Have you ever heard of "Tent Girl"? Or perhaps the "Lady of the Dunes"? These, along with thousands of others, are the unidentified dead that plague police and coroners throughout the country every day. In America, there are over forty thousand people who are dead and unaccounted for. Some are decades old. In The Skeleton Crew: How Amateur Sleuths are Solving America's Coldest Cases, freelance journalist Deborah Halber crafts the compelling story of the intriguing underground society of dedicated volunteers who use the Internet to scour case details in the hopes of finding the key to solving decades-old missing persons and unsolved homicide cases.
Halber interviews law enforcement, medical examiners, and even the web sleuths themselves to reveal a behind-the-scenes look at the real-life cases of Jane and John Does and the network of people who obsess over identifying them. The Skeleton Crew traces this new subculture from its earliest beginnings at the dawn of the Internet to current day with the establishment of a national database for the county's missing persons called NamUs.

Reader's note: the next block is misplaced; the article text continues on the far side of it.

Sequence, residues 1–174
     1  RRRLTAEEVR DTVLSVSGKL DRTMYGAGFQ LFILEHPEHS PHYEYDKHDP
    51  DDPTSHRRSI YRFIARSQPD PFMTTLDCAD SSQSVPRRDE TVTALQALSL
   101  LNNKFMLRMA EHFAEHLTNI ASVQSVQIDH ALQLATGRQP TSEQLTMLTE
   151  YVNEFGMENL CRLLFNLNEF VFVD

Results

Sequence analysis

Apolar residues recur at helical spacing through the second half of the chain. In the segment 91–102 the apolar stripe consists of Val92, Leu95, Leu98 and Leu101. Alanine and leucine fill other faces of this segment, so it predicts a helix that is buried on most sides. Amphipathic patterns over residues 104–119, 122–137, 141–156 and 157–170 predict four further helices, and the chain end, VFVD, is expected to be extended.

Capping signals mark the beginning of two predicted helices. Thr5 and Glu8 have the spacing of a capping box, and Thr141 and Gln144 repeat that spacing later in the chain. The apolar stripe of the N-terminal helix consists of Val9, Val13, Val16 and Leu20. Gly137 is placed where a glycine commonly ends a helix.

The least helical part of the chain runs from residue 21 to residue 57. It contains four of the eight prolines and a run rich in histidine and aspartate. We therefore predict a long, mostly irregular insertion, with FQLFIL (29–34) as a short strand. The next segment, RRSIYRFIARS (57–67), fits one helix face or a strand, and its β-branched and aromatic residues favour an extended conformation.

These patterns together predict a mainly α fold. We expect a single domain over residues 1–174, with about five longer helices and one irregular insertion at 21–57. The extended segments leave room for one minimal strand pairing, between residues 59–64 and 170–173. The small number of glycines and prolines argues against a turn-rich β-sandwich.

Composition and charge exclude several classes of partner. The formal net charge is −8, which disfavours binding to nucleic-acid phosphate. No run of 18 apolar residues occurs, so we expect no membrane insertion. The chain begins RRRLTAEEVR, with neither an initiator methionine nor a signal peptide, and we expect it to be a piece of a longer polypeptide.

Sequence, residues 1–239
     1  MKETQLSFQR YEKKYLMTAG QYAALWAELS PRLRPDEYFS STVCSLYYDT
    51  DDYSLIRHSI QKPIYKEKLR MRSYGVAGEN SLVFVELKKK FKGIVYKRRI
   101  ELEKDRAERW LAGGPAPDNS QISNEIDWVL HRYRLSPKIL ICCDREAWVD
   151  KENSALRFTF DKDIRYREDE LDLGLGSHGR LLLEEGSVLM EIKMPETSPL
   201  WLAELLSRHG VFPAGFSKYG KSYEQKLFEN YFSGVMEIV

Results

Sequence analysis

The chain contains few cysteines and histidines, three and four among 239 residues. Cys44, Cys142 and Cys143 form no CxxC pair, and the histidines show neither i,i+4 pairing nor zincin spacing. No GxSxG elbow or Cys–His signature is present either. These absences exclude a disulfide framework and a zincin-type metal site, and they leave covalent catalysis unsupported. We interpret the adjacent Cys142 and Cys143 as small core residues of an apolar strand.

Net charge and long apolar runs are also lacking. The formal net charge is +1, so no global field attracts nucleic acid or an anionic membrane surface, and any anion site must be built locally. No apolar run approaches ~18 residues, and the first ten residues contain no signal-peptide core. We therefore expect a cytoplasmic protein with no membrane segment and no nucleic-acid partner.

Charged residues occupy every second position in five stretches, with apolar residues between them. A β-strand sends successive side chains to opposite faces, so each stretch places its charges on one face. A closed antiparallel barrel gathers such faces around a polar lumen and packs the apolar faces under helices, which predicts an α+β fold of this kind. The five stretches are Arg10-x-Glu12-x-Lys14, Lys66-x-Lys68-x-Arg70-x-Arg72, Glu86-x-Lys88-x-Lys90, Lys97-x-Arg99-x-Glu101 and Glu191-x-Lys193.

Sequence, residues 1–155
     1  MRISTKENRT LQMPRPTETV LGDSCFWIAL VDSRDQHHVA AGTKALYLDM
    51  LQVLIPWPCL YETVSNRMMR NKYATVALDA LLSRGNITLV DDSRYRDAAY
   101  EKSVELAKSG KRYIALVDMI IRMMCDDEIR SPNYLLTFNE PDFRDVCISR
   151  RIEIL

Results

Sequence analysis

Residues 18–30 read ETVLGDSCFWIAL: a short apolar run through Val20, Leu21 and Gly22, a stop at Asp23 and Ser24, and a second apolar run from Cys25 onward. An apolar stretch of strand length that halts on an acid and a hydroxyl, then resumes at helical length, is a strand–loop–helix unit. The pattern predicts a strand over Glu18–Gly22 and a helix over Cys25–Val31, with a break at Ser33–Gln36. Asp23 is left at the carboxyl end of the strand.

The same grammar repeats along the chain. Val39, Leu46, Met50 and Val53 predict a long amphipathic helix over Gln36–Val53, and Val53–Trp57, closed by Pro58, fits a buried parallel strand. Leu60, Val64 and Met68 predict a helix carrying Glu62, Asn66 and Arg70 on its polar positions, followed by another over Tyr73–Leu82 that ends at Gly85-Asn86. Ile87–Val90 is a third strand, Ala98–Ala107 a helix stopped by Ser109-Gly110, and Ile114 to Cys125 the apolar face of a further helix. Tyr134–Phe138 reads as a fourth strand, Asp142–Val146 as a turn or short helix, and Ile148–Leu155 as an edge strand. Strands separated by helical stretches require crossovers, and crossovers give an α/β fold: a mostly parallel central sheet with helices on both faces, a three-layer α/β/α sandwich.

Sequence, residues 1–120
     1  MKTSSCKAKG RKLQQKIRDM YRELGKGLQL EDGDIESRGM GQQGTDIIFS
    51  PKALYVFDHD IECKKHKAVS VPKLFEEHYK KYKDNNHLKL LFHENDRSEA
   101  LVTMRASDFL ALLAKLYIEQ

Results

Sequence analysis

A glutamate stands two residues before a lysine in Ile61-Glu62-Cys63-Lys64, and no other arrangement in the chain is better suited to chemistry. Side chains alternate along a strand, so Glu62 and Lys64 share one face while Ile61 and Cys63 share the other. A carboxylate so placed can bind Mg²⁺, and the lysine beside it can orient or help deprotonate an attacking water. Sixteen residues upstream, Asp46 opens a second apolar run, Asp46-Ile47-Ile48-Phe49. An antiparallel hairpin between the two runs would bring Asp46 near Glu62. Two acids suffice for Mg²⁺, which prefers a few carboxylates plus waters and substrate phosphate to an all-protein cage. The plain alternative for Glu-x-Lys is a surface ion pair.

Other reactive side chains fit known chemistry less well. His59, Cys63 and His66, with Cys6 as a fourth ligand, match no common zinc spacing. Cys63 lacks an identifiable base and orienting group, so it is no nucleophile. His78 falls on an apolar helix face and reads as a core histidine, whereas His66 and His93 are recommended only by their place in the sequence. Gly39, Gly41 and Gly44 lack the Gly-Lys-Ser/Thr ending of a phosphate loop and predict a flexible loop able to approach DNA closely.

At the heart of The Skeleton Crew is Halber's brilliant story-telling, which weaves an additive story-within-a-story narrative that is as equally fascinating as it is eccentric. It is a fantastic journey into a multifaceted world of the armchair sleuth and the growing cooperation between law enforcement and ordinary citizens. It emphasizes the urgency to reunite the missing with their loved ones, and puts forth the call for more volunteers.
To return to my initial questions, "Tent Girl", who was originally found dead along a Kentucky road in 1968, remained unidentified until 1998. Her identity was discovered by a volunteer named Todd Matthews. The "Lady of the Dunes", whose body was discovered in the Race Point Dunes in Massachusetts, remains unidentified to this day.
The Skeleton Crew is a intriguing read and definitely one I'd recommend.